I think, third, the involvement of the citizen soldier and the full integration of our Guard units, as well as reservists, and then of the services with each other. Very hard to tell -- impossible to tell until you ask who is whom. And this, I guess, can be thought of as the transformation that this President came to office intent on driving happening before our eyes.
Lastly, I will simply report that the commitment to a mission on the part of every single person I talked to -- and I gave them ample chances to express themselves out of earshot of their commanding officers and others -- is unanimous. They believe they are doing something important. And I was spontaneously asked to reenlist 13 different Indiana National Guardsmen for six-year new hitches, and swear them in while there.
And so I simply will report on their behalf that they think this is a noble thing they're doing and are very proud of the contribution they're making, first, to the security of our country and their loved ones at home, secondly, to the establishment of freedom in two lands that have been denied it for so long.
GOVERNOR MANCHIN: First of all, I want to say to all of the people in America about how proud that I am that -- the way our troops are being treated. Our citizen soldiers, our Guards, our reservists, and our active duty people from West Virginia, their spirits are high; they're committed to the safety and freedom that every American enjoys and should enjoy -- and hopefully make the rest of the world free. They're committed to getting the job done, and they're working very hard. They're a dedicated group of people. And it was so good to see them being in such high spirits.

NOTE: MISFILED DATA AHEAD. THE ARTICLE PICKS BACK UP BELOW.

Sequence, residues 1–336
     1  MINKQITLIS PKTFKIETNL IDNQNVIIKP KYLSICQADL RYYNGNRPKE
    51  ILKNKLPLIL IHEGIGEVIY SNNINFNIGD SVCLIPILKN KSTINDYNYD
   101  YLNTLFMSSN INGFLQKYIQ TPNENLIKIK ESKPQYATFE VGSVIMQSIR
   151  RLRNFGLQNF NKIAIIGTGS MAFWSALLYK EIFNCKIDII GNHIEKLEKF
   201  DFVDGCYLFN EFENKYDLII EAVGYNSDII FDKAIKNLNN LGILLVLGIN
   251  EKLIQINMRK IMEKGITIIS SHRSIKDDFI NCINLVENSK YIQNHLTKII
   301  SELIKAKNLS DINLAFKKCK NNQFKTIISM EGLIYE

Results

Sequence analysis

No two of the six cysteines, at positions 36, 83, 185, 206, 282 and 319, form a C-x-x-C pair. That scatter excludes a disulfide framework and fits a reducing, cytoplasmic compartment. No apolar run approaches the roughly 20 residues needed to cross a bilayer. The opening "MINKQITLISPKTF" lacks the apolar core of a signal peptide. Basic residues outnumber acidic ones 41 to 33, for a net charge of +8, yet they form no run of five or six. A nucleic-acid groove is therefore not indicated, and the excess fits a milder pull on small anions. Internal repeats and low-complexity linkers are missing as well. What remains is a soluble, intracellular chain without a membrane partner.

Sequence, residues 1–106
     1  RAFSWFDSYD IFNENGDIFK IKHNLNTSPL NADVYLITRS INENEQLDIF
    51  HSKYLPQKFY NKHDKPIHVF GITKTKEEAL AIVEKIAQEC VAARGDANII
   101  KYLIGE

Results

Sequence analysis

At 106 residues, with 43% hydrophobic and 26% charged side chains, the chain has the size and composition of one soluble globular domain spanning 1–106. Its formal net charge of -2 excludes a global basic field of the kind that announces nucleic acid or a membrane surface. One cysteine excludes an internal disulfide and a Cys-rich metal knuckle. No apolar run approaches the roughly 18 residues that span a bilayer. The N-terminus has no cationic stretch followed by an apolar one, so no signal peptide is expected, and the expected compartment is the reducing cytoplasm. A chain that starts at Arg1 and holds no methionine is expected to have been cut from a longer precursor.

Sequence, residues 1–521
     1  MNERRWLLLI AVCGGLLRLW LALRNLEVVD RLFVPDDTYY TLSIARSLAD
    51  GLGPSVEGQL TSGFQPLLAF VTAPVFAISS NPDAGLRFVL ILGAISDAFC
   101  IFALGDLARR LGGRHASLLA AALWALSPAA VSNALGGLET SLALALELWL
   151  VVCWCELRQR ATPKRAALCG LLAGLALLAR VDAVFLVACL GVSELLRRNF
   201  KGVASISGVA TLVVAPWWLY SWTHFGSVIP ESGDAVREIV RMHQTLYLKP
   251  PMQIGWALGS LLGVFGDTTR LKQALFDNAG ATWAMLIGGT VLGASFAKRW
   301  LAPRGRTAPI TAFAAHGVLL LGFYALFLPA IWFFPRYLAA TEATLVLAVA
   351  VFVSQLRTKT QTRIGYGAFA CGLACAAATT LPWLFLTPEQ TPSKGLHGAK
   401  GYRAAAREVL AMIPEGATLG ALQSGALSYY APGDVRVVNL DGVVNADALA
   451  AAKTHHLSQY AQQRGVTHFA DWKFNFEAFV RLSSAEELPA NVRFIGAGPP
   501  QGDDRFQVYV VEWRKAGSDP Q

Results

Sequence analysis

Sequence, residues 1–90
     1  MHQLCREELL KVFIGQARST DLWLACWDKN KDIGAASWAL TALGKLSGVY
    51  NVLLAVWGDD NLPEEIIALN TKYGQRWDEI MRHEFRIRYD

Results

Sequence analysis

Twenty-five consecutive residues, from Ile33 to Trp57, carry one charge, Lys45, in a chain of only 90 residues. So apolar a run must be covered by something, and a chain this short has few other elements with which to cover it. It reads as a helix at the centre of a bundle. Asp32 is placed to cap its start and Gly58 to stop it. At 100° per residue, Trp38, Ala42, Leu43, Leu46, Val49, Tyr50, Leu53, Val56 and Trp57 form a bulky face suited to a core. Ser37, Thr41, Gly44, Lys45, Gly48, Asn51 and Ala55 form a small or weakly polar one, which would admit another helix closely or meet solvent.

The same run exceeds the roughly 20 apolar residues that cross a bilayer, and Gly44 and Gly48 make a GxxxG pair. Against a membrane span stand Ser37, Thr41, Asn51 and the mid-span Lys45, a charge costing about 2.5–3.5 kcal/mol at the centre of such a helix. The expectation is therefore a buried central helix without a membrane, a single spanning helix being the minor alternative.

It gave me a different perspective, and the commitment people have towards freedom, the desire that other people in the world have for the freedoms that we take for granted so many times. The one thing that we were able to talk to some of the provincial governors, there's nothing free in the word "freedom" -- nothing at all.
So they're working very hard and they're committed and dedicated. And our troops, the West Virginia troops, are committed to doing everything they can to have a successful resolve and to make sure they get their job done.
GOVERNOR VILSACK: The issues in Afghanistan and Iraq are extraordinarily complex. What you have is simultaneously trying to build a government and economy and provide security. And sometimes it can be difficult to express how difficult the challenge is.